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Today's Stichomancy for Eminem

The first excerpt represents the past or something you must release, and is drawn from Maitre Cornelius by Honore de Balzac:

had said a few words in her ear, Marie returned to the window. Escaping for a moment the perpetual watchfulness of her tyrant, she cast one glance upon Georges that was brilliant with the fires of love and hope, seeming to say:--

"I am watching over you."

Had she cried the words aloud, she could not have expressed their meaning more plainly than in that glance, full of a thousand thoughts, in which terror, hope, pleasure, the dangers of their mutual situation all took part. He had passed, in that one moment, from heaven to martyrdom and from martyrdom back to heaven! So then, the brave young seigneur, light-hearted and content, walked gaily to his doom;

The second excerpt represents the present or the deciding factor of the moment, and is drawn from The Economist by Xenophon:

[11] Or, "men of fair and noble type"; "true gentlemen." This passage suggests the "silver lining to the cloud" of slavery.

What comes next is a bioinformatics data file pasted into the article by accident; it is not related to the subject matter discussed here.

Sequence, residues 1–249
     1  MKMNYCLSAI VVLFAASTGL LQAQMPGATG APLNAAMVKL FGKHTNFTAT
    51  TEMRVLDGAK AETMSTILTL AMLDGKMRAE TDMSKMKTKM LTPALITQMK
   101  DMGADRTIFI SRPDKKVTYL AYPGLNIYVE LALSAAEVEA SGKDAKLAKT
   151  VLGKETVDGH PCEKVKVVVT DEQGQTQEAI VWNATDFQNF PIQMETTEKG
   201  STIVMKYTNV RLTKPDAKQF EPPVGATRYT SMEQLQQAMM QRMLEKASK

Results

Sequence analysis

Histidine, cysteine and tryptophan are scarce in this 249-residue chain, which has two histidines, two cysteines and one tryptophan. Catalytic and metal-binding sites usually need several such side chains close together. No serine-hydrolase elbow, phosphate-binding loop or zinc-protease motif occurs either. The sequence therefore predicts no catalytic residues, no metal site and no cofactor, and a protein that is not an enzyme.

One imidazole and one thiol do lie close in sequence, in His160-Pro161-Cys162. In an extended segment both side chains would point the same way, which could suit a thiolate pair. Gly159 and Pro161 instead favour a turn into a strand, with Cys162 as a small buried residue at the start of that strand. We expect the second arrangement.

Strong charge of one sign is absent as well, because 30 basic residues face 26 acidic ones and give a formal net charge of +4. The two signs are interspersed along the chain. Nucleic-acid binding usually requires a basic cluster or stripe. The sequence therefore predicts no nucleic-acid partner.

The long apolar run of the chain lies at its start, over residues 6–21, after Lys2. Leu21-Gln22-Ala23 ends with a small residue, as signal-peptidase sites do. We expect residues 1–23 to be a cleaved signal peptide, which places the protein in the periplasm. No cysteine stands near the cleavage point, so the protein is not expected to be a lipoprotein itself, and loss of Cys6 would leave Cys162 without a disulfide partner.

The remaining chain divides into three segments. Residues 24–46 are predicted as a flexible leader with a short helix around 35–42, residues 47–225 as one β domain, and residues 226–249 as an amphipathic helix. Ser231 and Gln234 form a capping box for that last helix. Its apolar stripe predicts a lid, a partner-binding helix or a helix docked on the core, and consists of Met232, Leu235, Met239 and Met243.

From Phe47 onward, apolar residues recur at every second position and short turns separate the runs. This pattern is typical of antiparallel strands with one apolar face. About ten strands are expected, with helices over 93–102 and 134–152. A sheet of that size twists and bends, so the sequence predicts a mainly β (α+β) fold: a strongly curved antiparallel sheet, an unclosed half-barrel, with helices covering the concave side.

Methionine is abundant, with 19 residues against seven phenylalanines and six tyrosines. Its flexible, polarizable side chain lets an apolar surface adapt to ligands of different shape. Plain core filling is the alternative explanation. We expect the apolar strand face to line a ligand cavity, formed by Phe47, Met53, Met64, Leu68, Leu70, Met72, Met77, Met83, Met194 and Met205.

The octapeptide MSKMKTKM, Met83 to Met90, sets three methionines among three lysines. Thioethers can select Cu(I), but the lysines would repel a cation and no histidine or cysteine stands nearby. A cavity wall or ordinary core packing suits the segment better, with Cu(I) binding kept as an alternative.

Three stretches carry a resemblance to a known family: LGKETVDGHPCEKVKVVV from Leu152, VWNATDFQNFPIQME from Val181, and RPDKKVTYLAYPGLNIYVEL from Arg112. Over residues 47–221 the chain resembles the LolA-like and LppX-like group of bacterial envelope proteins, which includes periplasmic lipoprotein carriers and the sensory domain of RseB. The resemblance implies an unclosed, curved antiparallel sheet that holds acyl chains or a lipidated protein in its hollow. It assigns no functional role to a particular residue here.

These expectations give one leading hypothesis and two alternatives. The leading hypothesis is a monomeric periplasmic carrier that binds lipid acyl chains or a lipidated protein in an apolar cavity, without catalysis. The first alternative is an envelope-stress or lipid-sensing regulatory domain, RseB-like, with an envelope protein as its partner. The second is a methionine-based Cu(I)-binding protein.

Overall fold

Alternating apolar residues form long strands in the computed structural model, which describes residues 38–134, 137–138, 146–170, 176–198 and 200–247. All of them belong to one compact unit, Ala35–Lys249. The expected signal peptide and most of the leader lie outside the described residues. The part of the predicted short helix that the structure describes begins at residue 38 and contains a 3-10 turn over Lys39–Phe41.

[12] Cf. Hom. "Il." ix. 413, {oleto men moi nostos, atar kleos aphthiton estai}, "but my fame shall be imperishable."

XV

Soc. But now, suppose, Ischomachus, you have created in the soul of some one a desire for your welfare; have inspired in him not a mere passive interest, but a deep concern to help you to achieve prosperity; further, you have obtained for him a knowledge of the methods needed to give the operations of the field some measure of success; you have, moreover, made him capable of ruling; and, as the

The third excerpt represents the future or something you must embrace, and is drawn from The Door in the Wall, et. al. by H. G. Wells:

way to a European's. He was short of stature and still shorter of English. In conversation he made numerous odd noises of no known marketable value, and his infrequent words were carved and wrought into heraldic grotesqueness. Holroyd tried to elucidate his religious beliefs, and--especially after whisky--lectured to him against superstition and missionaries. Azuma-zi, however, shirked the discussion of his gods, even though he was kicked for it.

Azuma-zi had come, clad in white but insufficient raiment, out of the stokehole of the Lord Clive, from the Straits Settlements, and beyond, into London. He had heard even in his youth of the greatness and riches of London, where all the women